NFRC Decides to Look at Window Comfort Rating

Jim Larsen started off with a simple question. He wanted people to raise their hands if they felt the room they were sitting in was too cold or warm. Most hands stayed down. "Less than 5 percent of us are uncomfortable," Larsen said.

Larsen was right. Very few of the attendees at his Thermal Comfort Task Group held during the National Fenestration Rating Council (NFRC) meeting in Austin, Texas, had a problem with the temperature. A few of them did have concerns with the idea of the NFRC setting up some type of guideline to tell consumers how windows would affect the comfort level in their homes. But Larsen's detailed presentation went a long way to calming those fears.

For Larsen, this topic has become a passion. He joked after the presentation that he "bulldozed my house because my windows were so bad." That, of course, was only part of the reason. But he did spend a lot of time trying to convince NFRC attendees there was a way to label windows for comfort level. In fact, he went through mounds of technical information on the issue and distilled it into a half-hour format for his seminar.

He started out with a look at the seven stages of comfort (ranging, not surprisingly, from cold to hot). Of course, no one thing determines comfort. Using a sophisticated modeling system, Larsen demonstrated that air temperature, air velocity, relative humidity, metabolic rate and clothing all play into how a person feels when they're sitting in a room.
While all of these topics are relevant, NFRC attendees don't really care about whether someone is sporting their insulated winter coats or sleek summer rain jackets. They care about windows. And, windows playing a big role in a building occupant's comfort. A person's proximity to the window, the size of the glazing and its temperature plays a big role in comfort.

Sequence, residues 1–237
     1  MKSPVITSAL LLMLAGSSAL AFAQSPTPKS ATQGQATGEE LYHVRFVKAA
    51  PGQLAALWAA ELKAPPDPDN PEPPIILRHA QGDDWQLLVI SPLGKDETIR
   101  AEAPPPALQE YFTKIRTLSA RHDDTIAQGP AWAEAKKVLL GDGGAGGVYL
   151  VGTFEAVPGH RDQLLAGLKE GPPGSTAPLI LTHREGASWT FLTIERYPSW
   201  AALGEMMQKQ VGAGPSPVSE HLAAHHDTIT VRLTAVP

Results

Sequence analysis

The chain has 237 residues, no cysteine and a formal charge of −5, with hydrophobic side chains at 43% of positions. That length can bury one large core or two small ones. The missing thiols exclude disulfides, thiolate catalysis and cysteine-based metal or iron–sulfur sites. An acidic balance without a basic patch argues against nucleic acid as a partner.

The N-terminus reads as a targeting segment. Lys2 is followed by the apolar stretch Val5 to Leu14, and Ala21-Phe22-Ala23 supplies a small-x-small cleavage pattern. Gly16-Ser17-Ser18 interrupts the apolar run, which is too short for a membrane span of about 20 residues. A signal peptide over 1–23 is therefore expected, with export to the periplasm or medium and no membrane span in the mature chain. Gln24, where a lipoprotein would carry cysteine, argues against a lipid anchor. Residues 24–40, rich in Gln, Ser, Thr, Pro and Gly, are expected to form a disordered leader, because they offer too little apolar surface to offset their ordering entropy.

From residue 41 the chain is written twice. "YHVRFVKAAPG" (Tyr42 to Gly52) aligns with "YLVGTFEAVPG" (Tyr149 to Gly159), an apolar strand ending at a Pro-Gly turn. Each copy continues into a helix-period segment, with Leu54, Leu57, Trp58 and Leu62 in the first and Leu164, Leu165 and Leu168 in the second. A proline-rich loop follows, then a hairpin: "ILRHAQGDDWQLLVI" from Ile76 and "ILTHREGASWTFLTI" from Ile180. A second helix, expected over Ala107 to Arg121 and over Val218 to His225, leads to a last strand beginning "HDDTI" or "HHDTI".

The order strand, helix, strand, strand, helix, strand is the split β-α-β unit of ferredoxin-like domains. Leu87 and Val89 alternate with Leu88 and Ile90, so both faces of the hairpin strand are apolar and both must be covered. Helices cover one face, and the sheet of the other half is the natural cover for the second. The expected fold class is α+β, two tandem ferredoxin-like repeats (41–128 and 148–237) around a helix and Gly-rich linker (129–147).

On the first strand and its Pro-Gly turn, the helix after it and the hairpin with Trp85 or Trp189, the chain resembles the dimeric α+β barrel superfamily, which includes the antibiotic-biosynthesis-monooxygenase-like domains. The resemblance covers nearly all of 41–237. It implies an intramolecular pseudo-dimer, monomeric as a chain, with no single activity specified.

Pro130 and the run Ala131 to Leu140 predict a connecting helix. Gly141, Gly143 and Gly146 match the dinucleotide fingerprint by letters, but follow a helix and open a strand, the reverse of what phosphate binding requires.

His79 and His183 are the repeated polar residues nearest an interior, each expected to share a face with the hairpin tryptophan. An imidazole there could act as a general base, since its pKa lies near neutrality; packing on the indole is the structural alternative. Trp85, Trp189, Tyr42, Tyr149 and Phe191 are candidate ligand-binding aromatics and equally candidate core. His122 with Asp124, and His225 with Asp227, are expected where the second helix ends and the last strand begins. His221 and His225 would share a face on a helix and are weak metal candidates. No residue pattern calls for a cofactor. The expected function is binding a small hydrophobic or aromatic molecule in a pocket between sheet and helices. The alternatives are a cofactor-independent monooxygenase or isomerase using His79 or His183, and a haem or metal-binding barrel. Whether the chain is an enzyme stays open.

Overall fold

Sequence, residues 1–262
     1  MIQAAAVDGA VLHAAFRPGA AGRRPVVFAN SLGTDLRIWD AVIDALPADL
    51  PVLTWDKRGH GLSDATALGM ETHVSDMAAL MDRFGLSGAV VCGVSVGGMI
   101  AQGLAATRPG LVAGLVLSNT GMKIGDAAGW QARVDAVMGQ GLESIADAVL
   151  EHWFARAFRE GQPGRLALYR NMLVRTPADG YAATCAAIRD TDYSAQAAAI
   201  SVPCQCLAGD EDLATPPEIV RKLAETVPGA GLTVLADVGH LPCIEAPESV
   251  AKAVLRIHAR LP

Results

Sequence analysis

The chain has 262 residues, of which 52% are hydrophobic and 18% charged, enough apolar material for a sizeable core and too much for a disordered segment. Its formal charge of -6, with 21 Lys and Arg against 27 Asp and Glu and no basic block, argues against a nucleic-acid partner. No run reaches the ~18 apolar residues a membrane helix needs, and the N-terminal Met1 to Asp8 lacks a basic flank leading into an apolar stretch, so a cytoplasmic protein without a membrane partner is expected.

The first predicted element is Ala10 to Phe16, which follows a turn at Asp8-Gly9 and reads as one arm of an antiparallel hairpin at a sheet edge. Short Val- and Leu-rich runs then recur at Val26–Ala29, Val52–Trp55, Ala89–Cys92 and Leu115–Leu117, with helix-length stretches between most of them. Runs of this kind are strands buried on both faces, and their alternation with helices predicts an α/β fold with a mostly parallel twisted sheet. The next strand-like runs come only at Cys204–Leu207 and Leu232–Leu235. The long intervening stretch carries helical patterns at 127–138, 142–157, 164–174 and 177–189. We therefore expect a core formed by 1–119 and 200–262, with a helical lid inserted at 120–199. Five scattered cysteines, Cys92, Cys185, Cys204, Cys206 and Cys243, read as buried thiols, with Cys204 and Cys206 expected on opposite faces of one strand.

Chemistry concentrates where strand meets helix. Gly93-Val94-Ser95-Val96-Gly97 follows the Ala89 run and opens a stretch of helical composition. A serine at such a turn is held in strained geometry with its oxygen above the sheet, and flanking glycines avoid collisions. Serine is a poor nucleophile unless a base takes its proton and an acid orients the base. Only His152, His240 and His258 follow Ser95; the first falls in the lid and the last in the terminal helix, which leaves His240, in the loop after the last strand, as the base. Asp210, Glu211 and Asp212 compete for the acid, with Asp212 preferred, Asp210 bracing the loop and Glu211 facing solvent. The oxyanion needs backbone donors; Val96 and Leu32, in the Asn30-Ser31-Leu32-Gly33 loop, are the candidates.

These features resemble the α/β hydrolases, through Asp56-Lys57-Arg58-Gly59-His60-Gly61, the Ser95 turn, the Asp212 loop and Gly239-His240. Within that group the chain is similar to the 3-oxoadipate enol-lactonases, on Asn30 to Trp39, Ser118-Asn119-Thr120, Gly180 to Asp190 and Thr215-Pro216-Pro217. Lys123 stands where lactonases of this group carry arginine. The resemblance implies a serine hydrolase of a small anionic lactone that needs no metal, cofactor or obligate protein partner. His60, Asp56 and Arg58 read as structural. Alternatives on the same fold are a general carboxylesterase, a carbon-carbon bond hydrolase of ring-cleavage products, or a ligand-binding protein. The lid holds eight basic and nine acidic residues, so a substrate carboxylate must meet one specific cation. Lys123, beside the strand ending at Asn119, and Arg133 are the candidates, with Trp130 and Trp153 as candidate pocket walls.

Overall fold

The question was how to indicate window comfort. Larsen proposed that hours of discomfort, thermostat offset versus window type, what it feels like at a certain temperature, the coldest (or hottest) outdoor temperature at the comfort limit and how far a person would have to move away into a comfort zone would work.

The Thermal Comfort Task Group's job wasn't to get into those specifics though. It was to determine whether to pursue a goal of putting thermal comfort information on windows. While a majority seemed to support the idea during discussion, saying that it would help consumers and decrease air conditioning and heating loan (which would save energy).

"We can bury our heads in the sand or we can do something to help limit energy use," one unnamed, yet committed, attendee said.

Others weren't so sure these ratings would help, saying there were way too many variables in a room to assign temperature comfort to windows, rating could bring possible liability to NFRC, and that the NFRC had other priorities.

"I'm wary of the NFRC taking on the responsibility of determining thermal comfort [when there are so many things to do]," one attendee said.

Eventually this attendee and others who opposed the thermal rating lost and the group decided to send the idea of rating windows for comfort on to the NFRC's technical committee.

Even if the technical committee approves the idea of a rating, Larsen wouldn't speculate on whether the rating would be a simple number, a fact sheet or even guidelines.